The new High Commissioner has the opportunity to grasp the torch lit by his predecessors and fully embrace and defend an uncompromising stance for women’s equality - and his legacy will be judged on his commitment to doing so.
Eight WLUML networkers from Sudan, Iraq, Pakistan, Afghanistan, and Nigeria headed to Geneva this month to take part in the two-week Human Rights Defenders Advocacy Programme hosted by the International Service for Human Rights. Under the Women’s Empowerment and Leadership Development for Democratisation (WELDD) programme, WLUML sent their networkers to join 12 other participants from around the world working on diverse issues such as indigenous and environmental rights, corporate responsibility, and LGBTI rights.
Jennifer Allsopp: Yakin, you were invited to Oxford to deliver the annual Barbara Harrell-Bond lecture at the Refugee Studies Centre. You stressed in your talk, and have repeatedly argued elsewhere, that violence against women is a human rights issue. Could you say something more about the relationship between violence against women and human rights?
On 22 January 2014, the United Nations (UN)-backed Geneva II peace talks between the Syrian government and the opposition are scheduled to be held with the goal of ending the Syrian conflict and creating a transitional government. However, nearly 14 years after the landmark passage of UN Security Council resolution 1325 (UNSCR 1325) calling on UN member states to “increase the participation of women and incorporate gender perspectives in all United Nations peace and security efforts,” no women have been included in the Syrian peace negotiations.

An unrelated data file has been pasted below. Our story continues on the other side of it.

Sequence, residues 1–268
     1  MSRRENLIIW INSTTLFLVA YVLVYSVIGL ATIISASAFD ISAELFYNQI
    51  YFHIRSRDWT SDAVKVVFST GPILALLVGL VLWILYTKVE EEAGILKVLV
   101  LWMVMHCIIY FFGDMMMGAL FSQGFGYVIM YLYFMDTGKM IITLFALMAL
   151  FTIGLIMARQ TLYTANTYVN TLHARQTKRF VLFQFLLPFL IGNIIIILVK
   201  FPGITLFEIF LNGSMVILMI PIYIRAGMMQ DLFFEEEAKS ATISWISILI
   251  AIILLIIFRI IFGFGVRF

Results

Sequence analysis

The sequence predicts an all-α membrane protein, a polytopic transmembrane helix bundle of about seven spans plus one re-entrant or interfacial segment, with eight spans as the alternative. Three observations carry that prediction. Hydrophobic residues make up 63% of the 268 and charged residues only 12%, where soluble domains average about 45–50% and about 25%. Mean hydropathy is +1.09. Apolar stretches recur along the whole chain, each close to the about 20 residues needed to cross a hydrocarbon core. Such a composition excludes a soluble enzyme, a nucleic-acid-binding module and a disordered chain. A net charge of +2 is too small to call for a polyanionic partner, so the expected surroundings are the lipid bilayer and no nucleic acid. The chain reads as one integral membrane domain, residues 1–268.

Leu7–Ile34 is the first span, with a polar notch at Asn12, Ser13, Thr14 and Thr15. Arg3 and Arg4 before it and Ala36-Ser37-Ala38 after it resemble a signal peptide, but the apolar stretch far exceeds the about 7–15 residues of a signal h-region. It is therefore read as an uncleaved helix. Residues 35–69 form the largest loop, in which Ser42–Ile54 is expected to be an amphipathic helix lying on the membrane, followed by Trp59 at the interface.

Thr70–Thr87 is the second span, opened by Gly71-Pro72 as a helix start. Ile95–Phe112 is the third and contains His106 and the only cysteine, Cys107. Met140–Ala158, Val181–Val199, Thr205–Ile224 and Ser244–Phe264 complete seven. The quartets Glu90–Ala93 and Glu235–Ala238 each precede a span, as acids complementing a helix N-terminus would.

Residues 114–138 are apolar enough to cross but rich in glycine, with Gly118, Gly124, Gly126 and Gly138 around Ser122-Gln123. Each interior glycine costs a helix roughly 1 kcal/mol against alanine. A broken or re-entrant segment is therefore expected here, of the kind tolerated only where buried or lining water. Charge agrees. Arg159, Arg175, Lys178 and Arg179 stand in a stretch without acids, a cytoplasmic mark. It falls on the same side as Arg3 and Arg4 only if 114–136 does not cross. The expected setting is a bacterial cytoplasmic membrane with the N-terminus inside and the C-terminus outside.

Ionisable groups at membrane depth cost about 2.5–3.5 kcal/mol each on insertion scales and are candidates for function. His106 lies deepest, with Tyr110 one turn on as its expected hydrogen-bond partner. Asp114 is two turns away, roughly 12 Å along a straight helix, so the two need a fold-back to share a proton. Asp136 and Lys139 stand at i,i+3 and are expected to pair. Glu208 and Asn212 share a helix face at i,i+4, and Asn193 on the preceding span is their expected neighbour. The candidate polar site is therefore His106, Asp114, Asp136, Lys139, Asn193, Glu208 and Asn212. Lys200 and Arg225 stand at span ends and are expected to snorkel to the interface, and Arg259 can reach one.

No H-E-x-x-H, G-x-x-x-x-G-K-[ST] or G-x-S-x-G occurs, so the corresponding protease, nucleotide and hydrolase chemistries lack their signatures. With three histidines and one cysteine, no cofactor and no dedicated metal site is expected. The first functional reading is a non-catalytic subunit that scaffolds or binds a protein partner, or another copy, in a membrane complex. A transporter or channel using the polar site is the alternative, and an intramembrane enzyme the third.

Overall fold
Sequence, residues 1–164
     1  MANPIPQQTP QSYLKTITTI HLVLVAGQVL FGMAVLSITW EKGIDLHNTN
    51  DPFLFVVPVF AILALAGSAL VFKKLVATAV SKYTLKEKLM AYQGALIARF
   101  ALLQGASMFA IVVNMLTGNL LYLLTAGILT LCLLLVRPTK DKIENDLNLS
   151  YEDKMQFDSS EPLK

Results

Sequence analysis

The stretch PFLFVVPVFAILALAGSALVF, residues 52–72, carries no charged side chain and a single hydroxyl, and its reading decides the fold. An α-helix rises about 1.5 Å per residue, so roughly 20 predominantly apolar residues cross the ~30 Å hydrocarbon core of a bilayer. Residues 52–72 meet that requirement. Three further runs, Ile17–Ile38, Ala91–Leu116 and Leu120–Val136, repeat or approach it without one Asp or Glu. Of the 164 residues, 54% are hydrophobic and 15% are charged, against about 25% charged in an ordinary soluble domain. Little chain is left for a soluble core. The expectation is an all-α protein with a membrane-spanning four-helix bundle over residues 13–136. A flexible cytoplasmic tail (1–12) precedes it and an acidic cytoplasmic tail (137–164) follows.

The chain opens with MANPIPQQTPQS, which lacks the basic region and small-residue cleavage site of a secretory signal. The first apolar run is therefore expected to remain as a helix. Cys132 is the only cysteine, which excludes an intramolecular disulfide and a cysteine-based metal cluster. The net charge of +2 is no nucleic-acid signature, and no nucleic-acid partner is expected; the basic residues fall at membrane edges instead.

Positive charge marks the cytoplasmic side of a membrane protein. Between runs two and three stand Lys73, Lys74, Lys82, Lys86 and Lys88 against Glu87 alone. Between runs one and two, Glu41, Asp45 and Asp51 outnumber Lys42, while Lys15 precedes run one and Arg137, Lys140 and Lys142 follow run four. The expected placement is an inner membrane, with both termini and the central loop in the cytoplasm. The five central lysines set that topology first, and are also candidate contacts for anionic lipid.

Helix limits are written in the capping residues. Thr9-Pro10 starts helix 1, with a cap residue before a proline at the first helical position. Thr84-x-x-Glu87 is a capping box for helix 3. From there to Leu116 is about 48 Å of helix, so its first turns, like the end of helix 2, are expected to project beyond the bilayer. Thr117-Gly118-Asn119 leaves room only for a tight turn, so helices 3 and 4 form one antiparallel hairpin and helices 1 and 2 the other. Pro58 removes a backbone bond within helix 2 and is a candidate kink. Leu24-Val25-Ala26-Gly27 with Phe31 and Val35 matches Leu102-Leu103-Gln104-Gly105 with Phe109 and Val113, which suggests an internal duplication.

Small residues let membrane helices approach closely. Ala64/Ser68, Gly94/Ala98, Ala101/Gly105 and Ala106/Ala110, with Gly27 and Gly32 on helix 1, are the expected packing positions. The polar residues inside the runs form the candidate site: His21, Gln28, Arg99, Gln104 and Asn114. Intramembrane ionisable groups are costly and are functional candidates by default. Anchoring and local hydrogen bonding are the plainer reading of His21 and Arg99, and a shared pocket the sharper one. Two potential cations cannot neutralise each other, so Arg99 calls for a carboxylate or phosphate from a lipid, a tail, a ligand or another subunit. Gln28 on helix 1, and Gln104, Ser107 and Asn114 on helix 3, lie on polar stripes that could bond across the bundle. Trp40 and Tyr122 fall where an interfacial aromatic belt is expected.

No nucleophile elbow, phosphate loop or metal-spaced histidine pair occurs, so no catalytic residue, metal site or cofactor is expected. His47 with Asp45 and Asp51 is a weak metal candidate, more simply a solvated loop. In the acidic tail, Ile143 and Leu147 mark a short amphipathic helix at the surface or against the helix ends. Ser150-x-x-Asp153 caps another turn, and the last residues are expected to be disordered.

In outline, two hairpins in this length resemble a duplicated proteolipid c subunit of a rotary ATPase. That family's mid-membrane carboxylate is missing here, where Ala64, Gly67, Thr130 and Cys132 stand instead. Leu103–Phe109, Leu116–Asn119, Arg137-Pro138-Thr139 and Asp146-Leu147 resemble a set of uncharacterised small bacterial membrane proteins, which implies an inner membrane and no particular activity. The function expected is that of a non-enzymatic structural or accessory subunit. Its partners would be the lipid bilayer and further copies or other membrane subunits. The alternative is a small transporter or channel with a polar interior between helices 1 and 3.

Follow-up activities aim at ensuring that recommendations and decisions by human rights mechanisms and bodies are implemented so as to
improve respect, protection and fulfilment of all human rights for all. UN human rights mechanisms and bodies seek to improve the
realization of human rights in all countries of the world. Resolutions adopted by the Human Rights Council, the findings of Commissions of
Inquiry, recommendations of treaty bodies, special procedures and the universal periodic review, and decisions of treaty bodies on individual
cases all aim at closing protection gaps and indicate ways for States and other stakeholders to advance towards the full realization of human
rights. All these findings, recommendations and decisions aim at producing a change for the better in the lives of rights-holders. The primary obligation to realize such change lies with States, which bear the duty to respect, protect and fulfil human rights. However, all parts of society, from individuals to the private sector, the international community and CSAs have a role to play in the realization of human rights. Civil society, in particular, can play a crucial role in following up on human rights recommendations.
It is commonly assumed that Muslim women are frustrated in their pursuit of property rights because those rights are limited under the Islamic legal system, they lack agency in the face of oppressive family and social structures and have an absence of conviction in their articulation of gender rights.
As we speak, a resolution is being negotiated at the General Assembly in New York on the protection of women human rights defenders (WHRDs). This is the first time women defenders have been the focus of a draft resolution at the United Nations. Such an initiative is the result of activists’ work over many years raising awareness about the challenges, risks and attacks faced by women human rights defenders and their specific protection needs. The resolution would provide much needed recognition of WHRDs and their work, and would be an important tool in urging States to create enabling environments in which WHRDs can carry out their activities, free from intimidation, threats or attacks.